Hypoxia-induced reactive oxygen species cause chromosomal abnormalities in endothelial cells in the tumor microenvironment

PLoS One. 2013 Nov 15;8(11):e80349. doi: 10.1371/journal.pone.0080349. eCollection 2013.

Abstract

There is much evidence that hypoxia in the tumor microenvironment enhances tumor progression. In an earlier study, we reported abnormal phenotypes of tumor-associated endothelial cells such as those resistant to chemotherapy and chromosomal instability. Here we investigated the role of hypoxia in the acquisition of chromosomal abnormalities in endothelial cells. Tumor-associated endothelial cells isolated from human tumor xenografts showed chromosomal abnormalities, >30% of which were aneuploidy. Aneuploidy of the tumor-associated endothelial cells was also shown by simultaneous in-situ hybridization for chromosome 17 and by immunohistochemistry with anti-CD31 antibody for endothelial staining. The aneuploid cells were surrounded by a pimonidazole-positive area, indicating hypoxia. Human microvascular endothelial cells expressed hypoxia-inducible factor 1 and vascular endothelial growth factor A in response to either hypoxia or hypoxia-reoxygenation, and in these conditions, they acquired aneuploidy in 7 days. Induction of aneuploidy was inhibited by either inhibition of vascular endothelial growth factor signaling with vascular endothelial growth factor receptor 2 inhibitor or by inhibition of reactive oxygen species by N-acetyl-L-cysteine. These results indicate that hypoxia induces chromosomal abnormalities in endothelial cells through the induction of reactive oxygen species and excess signaling of vascular endothelial growth factor in the tumor microenvironment.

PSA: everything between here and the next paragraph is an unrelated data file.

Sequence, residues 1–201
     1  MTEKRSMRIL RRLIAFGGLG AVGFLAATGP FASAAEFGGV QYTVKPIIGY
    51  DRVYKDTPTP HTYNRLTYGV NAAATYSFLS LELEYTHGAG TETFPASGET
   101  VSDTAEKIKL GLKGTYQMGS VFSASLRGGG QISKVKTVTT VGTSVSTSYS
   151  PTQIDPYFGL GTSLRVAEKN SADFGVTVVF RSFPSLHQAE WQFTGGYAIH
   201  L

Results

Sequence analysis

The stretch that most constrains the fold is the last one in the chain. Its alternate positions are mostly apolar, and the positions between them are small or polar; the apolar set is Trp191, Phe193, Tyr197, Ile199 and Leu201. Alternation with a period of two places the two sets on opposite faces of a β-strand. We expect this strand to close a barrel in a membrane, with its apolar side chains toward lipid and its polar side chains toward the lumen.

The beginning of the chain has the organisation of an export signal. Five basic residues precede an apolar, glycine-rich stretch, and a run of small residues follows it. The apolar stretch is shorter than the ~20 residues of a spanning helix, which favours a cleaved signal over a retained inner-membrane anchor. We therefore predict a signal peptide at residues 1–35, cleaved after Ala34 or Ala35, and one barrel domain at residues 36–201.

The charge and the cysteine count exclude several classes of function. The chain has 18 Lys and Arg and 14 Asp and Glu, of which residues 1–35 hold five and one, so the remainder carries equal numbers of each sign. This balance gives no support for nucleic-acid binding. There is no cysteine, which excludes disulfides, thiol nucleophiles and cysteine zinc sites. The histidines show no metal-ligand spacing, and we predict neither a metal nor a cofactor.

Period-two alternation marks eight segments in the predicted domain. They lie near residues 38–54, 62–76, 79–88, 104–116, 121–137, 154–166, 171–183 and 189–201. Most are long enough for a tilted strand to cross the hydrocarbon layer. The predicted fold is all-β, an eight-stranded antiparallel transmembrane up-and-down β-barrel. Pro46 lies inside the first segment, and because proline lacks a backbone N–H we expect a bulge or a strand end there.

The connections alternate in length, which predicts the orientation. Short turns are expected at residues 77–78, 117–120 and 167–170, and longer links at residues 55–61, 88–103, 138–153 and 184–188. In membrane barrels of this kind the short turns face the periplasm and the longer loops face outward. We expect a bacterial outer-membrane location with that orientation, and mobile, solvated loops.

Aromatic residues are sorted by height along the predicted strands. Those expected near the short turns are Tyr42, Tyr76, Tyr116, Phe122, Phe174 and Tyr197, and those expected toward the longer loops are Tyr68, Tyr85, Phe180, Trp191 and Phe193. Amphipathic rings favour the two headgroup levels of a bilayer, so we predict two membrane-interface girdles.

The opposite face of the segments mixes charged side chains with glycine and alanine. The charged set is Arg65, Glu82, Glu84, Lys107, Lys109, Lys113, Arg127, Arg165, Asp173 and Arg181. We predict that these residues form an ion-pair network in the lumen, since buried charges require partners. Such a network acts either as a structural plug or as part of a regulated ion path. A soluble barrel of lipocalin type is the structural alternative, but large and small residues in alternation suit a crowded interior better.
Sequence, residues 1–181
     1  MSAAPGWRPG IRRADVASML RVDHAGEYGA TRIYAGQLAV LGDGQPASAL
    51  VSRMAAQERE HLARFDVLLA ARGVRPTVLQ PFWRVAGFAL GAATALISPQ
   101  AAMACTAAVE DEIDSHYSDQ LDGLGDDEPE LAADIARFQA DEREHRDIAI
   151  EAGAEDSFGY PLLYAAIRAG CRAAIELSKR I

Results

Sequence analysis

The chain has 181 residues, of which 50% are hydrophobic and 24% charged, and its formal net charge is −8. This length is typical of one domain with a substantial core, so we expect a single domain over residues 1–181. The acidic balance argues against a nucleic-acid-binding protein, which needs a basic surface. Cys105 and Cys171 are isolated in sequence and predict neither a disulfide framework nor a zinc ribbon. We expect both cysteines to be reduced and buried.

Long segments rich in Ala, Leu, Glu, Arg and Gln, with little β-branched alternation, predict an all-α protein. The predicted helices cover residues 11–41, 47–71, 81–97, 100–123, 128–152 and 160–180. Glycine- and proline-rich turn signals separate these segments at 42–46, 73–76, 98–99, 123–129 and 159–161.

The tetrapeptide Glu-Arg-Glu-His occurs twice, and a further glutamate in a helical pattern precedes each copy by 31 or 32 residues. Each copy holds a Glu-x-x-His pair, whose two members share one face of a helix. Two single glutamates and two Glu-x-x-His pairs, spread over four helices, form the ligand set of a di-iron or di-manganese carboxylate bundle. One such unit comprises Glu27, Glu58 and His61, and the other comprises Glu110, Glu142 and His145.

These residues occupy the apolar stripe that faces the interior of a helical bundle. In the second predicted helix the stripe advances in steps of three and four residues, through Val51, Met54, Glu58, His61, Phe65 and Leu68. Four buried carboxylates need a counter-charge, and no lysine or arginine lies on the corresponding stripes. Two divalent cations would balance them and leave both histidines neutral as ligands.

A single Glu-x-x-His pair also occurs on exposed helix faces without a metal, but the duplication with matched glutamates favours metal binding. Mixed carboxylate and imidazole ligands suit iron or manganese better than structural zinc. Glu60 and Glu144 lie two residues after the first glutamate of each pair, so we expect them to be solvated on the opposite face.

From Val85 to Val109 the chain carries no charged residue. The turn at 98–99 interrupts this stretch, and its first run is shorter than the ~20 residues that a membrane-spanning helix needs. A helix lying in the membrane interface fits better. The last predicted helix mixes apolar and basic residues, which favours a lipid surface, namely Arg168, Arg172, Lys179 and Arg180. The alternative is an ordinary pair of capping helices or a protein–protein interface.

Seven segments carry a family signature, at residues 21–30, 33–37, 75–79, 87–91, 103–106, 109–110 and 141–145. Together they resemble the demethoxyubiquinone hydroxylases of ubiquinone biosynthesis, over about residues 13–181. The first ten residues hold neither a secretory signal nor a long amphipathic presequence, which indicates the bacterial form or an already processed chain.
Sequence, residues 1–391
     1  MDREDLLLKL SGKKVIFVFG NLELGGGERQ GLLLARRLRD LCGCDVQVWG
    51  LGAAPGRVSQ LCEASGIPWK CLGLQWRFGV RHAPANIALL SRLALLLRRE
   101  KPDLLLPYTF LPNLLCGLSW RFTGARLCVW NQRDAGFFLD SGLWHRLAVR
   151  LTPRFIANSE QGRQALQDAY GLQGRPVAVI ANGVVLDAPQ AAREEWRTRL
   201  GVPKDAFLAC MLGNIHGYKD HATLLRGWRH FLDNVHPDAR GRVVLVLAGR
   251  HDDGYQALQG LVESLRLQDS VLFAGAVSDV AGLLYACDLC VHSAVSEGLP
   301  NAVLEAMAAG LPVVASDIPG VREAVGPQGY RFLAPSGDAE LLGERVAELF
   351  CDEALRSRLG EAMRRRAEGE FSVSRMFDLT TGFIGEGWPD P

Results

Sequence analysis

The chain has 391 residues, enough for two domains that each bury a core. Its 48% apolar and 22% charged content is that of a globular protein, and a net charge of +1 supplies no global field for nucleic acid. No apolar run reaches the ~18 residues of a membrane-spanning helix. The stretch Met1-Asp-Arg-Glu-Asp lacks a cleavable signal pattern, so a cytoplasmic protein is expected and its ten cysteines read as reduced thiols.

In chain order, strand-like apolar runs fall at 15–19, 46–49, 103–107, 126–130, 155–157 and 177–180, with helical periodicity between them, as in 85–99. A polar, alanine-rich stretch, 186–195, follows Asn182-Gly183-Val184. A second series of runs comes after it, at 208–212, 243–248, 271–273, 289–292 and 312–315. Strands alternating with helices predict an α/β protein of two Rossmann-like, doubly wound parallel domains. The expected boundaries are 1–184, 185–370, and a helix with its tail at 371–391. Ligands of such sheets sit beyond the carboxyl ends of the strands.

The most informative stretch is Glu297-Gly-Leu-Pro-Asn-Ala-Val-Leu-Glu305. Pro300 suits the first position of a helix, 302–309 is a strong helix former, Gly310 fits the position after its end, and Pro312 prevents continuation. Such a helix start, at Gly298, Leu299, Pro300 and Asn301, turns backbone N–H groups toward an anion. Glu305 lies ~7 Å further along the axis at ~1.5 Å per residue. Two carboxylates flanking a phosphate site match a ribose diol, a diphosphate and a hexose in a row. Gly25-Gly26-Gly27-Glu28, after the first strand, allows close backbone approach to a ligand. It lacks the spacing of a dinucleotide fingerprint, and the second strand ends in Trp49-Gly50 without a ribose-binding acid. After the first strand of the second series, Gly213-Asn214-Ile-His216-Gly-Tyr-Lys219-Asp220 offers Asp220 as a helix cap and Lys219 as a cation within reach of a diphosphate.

Publication types

  • Research Support, Non-U.S. Gov't

MeSH terms

  • Animals
  • Cell Cycle / genetics
  • Chromosome Aberrations*
  • Chromosomes, Human, Pair 17 / genetics*
  • Endothelial Cells / metabolism*
  • Humans
  • Hypoxia / metabolism
  • Hypoxia / physiopathology*
  • Hypoxia-Inducible Factor 1 / metabolism
  • Karyotype
  • Mice
  • Reactive Oxygen Species / metabolism*
  • Tumor Cells, Cultured
  • Tumor Microenvironment / genetics*
  • Vascular Endothelial Growth Factor A / metabolism
  • Vascular Endothelial Growth Factor Receptor-2 / metabolism

Substances

  • Hypoxia-Inducible Factor 1
  • Reactive Oxygen Species
  • Vascular Endothelial Growth Factor A
  • Vascular Endothelial Growth Factor Receptor-2

Grant support

This article was supported in part by a grant-in-aid for scientific research from the Ministry of Education, Science and Culture of Japan (23112501 and 21659458 to KH). The funders had no role in study design, data collection and analysis, decision to publish, or preparation of the manuscript.